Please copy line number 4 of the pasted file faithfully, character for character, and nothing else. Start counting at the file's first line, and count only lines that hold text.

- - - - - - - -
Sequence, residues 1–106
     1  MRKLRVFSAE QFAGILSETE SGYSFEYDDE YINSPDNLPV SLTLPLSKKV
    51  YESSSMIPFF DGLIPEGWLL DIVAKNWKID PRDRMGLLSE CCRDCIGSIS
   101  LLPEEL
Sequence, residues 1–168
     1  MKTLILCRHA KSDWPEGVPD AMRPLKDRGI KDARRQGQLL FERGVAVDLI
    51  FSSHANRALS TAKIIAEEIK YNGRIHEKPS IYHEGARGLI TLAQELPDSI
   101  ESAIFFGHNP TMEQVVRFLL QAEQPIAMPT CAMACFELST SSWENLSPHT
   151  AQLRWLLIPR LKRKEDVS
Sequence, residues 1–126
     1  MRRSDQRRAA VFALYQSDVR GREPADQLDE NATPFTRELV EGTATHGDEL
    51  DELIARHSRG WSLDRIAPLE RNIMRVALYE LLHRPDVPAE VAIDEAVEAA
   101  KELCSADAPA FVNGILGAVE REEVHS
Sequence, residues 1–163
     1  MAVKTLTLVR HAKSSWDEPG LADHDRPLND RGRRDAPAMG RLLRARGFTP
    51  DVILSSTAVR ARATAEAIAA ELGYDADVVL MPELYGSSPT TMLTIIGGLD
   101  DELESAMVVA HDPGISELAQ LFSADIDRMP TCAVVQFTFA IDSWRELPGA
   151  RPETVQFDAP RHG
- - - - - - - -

   101  LLPEEL